Lady Moon Remembers and Mourns: 5 Songs

BY JOHN BARRALE

1.

Somewhere, deep in time's memory,
the moon still swirls
over malignant swamps
     and choke forests
     of fern

where giant birds of prey screech
and beasts now extinct quicken
rising again at dusk to hunt—

the lame
and the slow
caught
     and by fierce jaws
taken up.

The air gray, always gray,
     the time before Eden,
mostly fog
and rain,

every night rain,
     rain
before dawn.

2.

Much later, there are ships. Adventure.

To see them is like seeing once more
the beginning of the world.

Hearts, young hearts,
     like sea flowers,
blossom,
     seek glory.

Jason steals the Golden Fleece.

Troy falls, a mighty roaring hymn
that breaks her heart,
and Ulysses
sails beyond the Gates of Hercules
a moonstone for luck
     sewn in his cloak.

3.

Lady moon remembers the names
     of the Scottish kings
     who gave her
their captives'
heads,

and the swoop and fell
of the highlands she guarded

where crones
     with broken teeth
and wild bracken hair
in secret
sang moon prayers.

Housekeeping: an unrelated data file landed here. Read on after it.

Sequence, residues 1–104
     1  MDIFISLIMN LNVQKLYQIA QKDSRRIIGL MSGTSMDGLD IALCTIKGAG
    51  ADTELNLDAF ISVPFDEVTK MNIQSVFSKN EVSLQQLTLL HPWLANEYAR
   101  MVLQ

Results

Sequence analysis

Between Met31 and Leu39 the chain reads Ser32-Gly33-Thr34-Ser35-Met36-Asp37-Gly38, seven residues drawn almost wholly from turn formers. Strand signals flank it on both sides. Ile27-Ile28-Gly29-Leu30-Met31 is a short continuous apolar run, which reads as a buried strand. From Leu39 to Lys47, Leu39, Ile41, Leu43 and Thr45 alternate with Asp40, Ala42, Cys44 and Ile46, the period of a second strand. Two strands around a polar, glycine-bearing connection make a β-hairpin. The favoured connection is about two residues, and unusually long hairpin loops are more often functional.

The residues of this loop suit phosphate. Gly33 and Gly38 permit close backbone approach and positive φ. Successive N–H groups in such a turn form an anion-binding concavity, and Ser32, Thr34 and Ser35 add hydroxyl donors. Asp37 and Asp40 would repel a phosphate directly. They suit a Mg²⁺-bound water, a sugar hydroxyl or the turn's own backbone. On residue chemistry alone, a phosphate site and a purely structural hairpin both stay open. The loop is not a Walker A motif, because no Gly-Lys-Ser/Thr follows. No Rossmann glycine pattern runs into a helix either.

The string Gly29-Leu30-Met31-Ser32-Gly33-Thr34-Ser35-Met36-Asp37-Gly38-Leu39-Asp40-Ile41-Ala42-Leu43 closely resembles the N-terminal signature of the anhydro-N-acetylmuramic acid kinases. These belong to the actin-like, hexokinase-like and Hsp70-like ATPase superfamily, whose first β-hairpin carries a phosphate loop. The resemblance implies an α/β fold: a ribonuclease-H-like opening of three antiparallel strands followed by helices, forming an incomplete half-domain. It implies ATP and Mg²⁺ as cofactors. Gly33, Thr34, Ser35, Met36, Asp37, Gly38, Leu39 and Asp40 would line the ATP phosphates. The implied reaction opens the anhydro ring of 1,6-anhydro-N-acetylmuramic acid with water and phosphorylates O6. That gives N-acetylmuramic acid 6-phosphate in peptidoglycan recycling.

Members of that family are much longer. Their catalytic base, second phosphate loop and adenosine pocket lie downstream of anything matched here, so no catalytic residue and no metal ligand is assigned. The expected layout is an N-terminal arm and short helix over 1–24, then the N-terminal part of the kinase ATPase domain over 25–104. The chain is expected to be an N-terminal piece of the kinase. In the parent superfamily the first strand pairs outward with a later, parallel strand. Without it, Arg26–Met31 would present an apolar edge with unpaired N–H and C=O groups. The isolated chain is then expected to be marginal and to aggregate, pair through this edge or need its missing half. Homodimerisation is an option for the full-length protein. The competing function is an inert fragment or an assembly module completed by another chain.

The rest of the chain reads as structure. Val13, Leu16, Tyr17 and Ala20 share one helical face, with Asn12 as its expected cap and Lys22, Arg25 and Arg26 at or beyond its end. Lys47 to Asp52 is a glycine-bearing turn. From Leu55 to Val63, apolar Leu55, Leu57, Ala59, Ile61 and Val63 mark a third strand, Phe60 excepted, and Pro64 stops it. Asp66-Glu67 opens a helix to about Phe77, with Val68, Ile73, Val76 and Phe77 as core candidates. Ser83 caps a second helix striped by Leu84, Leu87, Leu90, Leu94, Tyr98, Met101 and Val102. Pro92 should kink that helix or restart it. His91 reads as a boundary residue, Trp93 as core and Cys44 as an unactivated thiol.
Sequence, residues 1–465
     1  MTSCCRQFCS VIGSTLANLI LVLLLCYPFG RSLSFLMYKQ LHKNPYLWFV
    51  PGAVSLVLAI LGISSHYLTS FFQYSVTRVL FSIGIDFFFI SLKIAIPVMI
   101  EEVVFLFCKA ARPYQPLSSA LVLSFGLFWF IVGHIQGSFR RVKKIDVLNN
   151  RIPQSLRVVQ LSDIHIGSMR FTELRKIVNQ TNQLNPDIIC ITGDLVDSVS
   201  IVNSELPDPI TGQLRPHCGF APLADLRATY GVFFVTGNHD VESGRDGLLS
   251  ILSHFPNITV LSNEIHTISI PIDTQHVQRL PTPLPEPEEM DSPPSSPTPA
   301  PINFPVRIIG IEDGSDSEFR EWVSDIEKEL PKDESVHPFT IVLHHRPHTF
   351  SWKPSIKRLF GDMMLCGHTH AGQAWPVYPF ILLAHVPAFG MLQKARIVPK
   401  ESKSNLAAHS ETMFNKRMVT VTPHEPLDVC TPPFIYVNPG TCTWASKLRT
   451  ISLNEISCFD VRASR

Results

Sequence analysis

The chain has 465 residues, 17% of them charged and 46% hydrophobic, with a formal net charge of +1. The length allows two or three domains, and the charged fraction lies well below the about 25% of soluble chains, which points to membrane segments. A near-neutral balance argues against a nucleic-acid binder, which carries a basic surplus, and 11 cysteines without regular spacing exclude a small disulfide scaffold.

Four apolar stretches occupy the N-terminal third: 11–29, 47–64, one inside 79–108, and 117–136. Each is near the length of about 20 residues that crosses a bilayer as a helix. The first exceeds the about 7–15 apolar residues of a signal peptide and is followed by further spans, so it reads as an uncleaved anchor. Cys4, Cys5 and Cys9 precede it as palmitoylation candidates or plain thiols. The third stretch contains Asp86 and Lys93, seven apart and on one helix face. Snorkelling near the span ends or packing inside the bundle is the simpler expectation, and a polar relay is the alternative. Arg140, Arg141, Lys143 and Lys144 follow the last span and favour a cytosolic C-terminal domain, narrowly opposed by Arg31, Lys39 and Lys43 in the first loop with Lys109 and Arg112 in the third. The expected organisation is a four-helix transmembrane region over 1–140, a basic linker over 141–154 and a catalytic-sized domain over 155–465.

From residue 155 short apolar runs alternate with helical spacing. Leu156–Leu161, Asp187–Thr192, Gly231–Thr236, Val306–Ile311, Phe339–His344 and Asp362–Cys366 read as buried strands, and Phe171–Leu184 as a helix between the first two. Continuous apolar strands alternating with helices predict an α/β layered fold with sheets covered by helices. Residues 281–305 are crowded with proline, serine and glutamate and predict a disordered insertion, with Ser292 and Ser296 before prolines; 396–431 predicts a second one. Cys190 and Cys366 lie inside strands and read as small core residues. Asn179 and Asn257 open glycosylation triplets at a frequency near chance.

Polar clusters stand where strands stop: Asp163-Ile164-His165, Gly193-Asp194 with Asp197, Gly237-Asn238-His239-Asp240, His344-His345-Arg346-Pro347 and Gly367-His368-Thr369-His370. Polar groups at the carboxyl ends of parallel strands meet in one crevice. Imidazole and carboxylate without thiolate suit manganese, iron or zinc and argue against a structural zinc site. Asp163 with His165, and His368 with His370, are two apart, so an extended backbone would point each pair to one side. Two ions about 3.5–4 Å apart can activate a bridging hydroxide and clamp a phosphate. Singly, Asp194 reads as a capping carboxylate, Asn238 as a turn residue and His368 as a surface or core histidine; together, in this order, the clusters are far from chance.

She gorges,
     swallows again every detail,
every spear raised in triumph,
every dog tribe
and wolf pack's
howl.

She was magic, the stick
     and stone shrine
in the glen,
     and the circle of pebbles
in front of the hut.

Witches danced to her moods,
and silken-haired maids
prayed their first cycle came in her fullness,
     her light cast like a spell
on the fields where they lay,

a leering assurance of husbands
     and fertile wombs.

4.

Lady moon, now a Pop Icon
     and a Rock Star,
still accepts the thanks of lovers,
     and the moon-light inspired chirps
of crickets—
enchanting creatures, her favorites;

     something she would paint
upon a lacquered fan
     if she could.

5.

Lady Moon wants to be
     the dun-colored continent
she was
before being torn from her mother,
     the earth.

Bird-like beasts loped into flight
     from her plains
and caught fish
skimming her lakes,
their enormous leathery wings
     opening like sails.

She hears their cries in the wind,
remembers what was lost
     when she sees a gull fly.

How sad, she thinks,
to never feel the rain,
and watch ships pass,

ships with sails once new and tan
before the sun, and time
     bleached
their color.

Only with age do sails
     and gulls
     and moons
turn white.

Now, resigned, she illuminates the small.

A poet, she loves to touch a tree's branches,
     make whisper the shapes of stones,
and cast shadows on the lines jungle ants make
     when by her light they travel.

Tonight she feels thin and lonely, dim
against the brightness of the cities.

     Like a giant hand,
she hangs from the sky's sleeve,
her fingers
     opening and closing.

So I begin. So I end,
she thinks.

And who but God
could cut my claws,
and only then,
with the edge of the sun.


Artwork: Mariana Palova